While the science of acupuncture is unclear – and sometimes Westerners have a hard time believing in Eastern medicine – the practice has a demonstrated effect when treating pain and nausea, with many theories as to how sticking needles into your skin can influence the inner workings of the body. For me, it makes sense that stimulating the nervous system (in this case by poking it with needles) can have direct effects within connected systems. Plus, I’m apt to consider the possibility that something that several populations of people have been using for thousands of years may work, especially when those people have a demonstrated longevity.
I forgo any drugs the morning of my appointment – I want to be able to measure, as best as I can, if it works. My acupuncturist, Lindsay, greets me by name as soon as I walk in, and we spend a while talking about my health and symptoms, basically working up a health profile. The conclusion being a diagnosis of spleen and lung qi (chi) deficiency.
Having this qi deficiency basically means that the energy between my spleen (the producer of the phlegm, in Chinese medicine) and my lungs (the containers of phlegm) is messed up and making me sick. Since I know that the spleen is a big player in the immune system and I can feel the obvious impact of my lungs in this problem, I can buy the diagnosis. She treats my deficiency by targeting a few points — near my ankles, around the navel, one in my arm, a few in my fingers and a spot under my collar bone.
I don’t really feel the needles going in — the bed I’m laying on is comfortable, the room is warm and I haven’t had a fit of coughing in a little while. I’m staring up at a mobile, drifting off. She lights some herbs on fire and leaves me alone. I can feel the warmth from the herbs on my feet and my mind is empty. I have no concept of how long I’m on that bed. After a while I start getting chills, emanating from behind my shoulders and spreading like ripples in a pond. I’m not cold, so I think the acupuncture must be doing something.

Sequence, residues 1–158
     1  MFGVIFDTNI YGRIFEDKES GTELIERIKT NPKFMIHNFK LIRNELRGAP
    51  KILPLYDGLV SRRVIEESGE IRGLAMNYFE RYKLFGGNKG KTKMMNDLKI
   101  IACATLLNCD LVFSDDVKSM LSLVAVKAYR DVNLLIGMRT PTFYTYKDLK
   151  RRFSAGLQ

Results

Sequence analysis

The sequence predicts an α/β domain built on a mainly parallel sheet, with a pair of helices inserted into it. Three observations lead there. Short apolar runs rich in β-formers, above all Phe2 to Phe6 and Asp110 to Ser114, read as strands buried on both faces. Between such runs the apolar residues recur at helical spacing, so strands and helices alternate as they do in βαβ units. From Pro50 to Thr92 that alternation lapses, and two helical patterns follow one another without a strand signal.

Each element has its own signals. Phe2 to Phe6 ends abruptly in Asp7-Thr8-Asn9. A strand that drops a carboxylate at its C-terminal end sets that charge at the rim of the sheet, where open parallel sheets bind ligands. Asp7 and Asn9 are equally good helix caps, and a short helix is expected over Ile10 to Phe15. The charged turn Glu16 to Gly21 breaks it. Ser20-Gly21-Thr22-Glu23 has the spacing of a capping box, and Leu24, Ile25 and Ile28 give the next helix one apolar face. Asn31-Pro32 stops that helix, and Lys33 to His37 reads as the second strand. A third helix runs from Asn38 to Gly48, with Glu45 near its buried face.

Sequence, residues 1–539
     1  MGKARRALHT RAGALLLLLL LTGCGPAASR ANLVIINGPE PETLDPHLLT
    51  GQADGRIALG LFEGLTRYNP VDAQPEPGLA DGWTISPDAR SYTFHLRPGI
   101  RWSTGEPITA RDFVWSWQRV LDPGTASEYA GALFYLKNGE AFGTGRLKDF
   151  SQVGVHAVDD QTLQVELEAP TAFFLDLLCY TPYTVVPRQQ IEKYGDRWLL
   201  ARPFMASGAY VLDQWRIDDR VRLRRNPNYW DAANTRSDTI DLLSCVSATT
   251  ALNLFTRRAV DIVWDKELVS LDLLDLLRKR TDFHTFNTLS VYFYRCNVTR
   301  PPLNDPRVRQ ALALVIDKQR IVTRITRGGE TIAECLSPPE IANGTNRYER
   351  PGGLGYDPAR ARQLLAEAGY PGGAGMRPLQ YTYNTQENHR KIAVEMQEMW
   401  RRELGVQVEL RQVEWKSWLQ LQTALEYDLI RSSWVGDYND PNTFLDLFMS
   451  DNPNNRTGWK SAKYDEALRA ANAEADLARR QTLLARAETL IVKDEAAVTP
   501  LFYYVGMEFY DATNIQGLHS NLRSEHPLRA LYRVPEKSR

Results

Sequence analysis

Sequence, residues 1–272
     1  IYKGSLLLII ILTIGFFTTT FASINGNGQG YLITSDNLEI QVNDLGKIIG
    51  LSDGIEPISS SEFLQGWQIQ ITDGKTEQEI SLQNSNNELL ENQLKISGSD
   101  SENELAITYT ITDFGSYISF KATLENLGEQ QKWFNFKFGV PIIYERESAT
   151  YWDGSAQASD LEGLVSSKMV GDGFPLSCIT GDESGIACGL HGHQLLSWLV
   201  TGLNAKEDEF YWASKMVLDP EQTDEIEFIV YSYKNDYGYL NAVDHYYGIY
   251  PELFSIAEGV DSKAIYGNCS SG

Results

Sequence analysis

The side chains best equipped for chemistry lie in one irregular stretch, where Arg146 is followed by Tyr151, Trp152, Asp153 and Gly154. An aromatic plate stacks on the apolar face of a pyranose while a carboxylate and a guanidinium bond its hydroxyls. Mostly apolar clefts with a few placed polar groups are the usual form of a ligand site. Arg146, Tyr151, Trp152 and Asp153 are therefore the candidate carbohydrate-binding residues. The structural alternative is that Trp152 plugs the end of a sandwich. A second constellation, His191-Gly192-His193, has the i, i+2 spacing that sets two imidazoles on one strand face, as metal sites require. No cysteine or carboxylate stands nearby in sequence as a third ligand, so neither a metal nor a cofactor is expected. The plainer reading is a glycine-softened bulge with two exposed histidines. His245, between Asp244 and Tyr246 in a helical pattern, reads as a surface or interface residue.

Lindsay releases me soon after, pulling the needles out (completely painless) and giving me some herbal cough drops to take home. We schedule a second session – for some, the effects can start immediately; for others, they can take up to three or five sessions.
Will these sessions help me survive this allergy season? I’m not sure. I know that that my acupuncture session was the most relaxing experience I’ve had in a long time. And I know that when I went to bed that night, I only woke up once to cough (as opposed to the previous night’s five times). Last night, two nights after the acupuncture, I was able to sleep a solid 10 hours without interruption. My voice is coming back, it’s a little easier to breathe and I cough a lot less now. But I know that the number of drugs and cough drops and cups of tea I’ve consumed are contributors to how I’m feeling.
So, did the acupuncture assuage my allergies, really?
I don’t know, but I feel good enough about it to keep my second appointment.